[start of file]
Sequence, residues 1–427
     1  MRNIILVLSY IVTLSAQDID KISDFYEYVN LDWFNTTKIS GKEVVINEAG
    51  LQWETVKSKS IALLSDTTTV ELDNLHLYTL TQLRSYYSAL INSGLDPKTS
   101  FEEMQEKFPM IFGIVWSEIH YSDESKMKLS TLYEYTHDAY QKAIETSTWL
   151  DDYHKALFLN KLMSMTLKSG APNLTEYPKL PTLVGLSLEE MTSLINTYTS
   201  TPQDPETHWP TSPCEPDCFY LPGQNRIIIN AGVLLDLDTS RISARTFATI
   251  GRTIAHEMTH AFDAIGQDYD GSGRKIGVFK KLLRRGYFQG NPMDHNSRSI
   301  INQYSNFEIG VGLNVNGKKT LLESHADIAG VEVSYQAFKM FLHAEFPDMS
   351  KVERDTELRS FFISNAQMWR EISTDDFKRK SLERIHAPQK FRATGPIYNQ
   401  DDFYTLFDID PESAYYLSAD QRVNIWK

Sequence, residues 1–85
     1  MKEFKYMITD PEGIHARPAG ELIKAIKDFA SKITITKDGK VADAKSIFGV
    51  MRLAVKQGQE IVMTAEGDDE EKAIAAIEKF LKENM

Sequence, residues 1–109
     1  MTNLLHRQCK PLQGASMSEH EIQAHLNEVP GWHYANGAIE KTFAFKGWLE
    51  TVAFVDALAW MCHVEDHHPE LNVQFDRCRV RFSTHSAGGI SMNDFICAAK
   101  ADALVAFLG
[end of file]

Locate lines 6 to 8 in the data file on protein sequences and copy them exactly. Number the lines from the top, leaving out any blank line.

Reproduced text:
   201  TPQDPETHWP TSPCEPDCFY LPGQNRIIIN AGVLLDLDTS RISARTFATI
   251  GRTIAHEMTH AFDAIGQDYD GSGRKIGVFK KLLRRGYFQG NPMDHNSRSI
   301  INQYSNFEIG VGLNVNGKKT LLESHADIAG VEVSYQAFKM FLHAEFPDMS